Author Archives: Mark

Host Leadership as a practical framework for dialogic leaders

Chris Corrigan, one of my long-time friends and inspirations, has just started blogging again. This is good news – his ideas and views from the western shores of Canada about hosting, facilitating, conversing and including are always worth catching.

Today’s blog is a list of 10 interesting things from his ‘parking lot’ – the place where he stores ideas and material pending making use of it. My eye was caught by a short video of Patricia Shaw on the characteristics of a good leader from a dialogic perspective. It’s only six minutes long and well worth a watch.

Patricia Shaw

I have summarised her characteristics, which are well-observed and very concisely delivered. She says leaders could do more of these:

  1. Think about convening conversations that might not happen otherwise. Opening spaces for reflective inquiry.
  2. Taking action visibly. Taking up a voice, speaking out, creating ripples where you don’t quite know the consequences.
  3. Leaders shift the conversational life of the organisation. Having the courage and skill to invite and sustain free-flowing conversation which is not simply following a highly structured agenda.
  4. Invent and improvise shifts in the configuration of speaking with each other – all together, in small groups, listening carefully. Work with conversation as an art.
  5. Encourage talk linking large-scale abstract concepts to the small-scale realities of everyday life.  Many leaders are excellent at giving accounts of the former and are unable to translate these to the latter.
  6. Know how to balance and move between written documentation with oral communication. The former leads to a narrowing and reduction of the richness of the latter.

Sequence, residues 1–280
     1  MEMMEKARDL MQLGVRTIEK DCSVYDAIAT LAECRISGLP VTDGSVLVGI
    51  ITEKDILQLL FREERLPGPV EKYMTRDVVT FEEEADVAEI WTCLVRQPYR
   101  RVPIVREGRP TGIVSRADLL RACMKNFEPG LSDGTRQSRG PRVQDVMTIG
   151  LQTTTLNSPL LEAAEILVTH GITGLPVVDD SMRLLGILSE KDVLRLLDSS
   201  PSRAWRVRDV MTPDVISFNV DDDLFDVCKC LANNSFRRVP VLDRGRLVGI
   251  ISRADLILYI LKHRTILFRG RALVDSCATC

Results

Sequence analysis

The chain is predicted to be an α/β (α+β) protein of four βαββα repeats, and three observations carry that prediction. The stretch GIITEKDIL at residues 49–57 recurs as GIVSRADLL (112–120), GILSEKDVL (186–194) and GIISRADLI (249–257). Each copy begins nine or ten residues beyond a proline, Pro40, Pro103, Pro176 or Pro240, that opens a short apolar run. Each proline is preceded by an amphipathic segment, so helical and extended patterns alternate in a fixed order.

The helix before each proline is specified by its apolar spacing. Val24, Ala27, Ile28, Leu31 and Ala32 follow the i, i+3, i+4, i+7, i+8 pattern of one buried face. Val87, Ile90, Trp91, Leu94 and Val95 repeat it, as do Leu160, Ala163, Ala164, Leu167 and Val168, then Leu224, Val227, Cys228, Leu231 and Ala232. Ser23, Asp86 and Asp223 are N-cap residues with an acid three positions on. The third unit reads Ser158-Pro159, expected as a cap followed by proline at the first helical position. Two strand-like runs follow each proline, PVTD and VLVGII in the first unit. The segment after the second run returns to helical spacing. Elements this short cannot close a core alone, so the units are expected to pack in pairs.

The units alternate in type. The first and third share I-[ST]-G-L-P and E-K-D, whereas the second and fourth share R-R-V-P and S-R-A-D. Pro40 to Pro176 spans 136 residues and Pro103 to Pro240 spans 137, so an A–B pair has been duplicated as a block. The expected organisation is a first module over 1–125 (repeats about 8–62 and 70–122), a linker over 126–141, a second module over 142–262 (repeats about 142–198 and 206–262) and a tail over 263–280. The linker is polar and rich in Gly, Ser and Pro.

7. Leaders can be very good at explanation and yet very poor at description. They are too eager to move towards simple cause-and-effect linkages, where a descriptive-reflective capacity to inquire into the way circumstances happen and change.  
  8. Being able to evoke and notice ‘vivid moments of experience’, moments of common reference which have meaning for people in their everyday activity.
  9. Pay less attention to generating yet another action plan and more attention on what is opening up in front of us in terms of small steps.

Each of these nine micro-practices can be seen to be part of a host leadership stance, particularly when combined with the detail and descriptive work of Solutions Focus. My eye was particularly drawn to:

  • Using convening power – even when you don’t have formal authority to do so.
  • Work in different ways with language and conversation – all together, in small groups, individually and so on, using the Four Positions of a host leader.
  • Bringing people together to join forces to exchange, converse and emerge new ideas (rather than have a constraining agenda), in the same way that a good party is not scripted but flows this way and that.
  • Taking small steps (as in the User’s Guide To The Future framework) as a way of positively exploring and learning, rather than as part of a huge action plan.

Now take a look at Patricia’s video below. Enjoy!

Host Leadership Gathering 2022 – full programme now out!

The full programme for the Host Leadership Gathering 2022 is now online. It looks great – there are 12 excellent workshops from around the world including presenters from education (in Australia) and healthcare (in the British NHS) and multinational FMCG (“the beer that reaches the parts others can’t”) contexts. There are also top leadership development, coaching and agile professionals sharing their experience.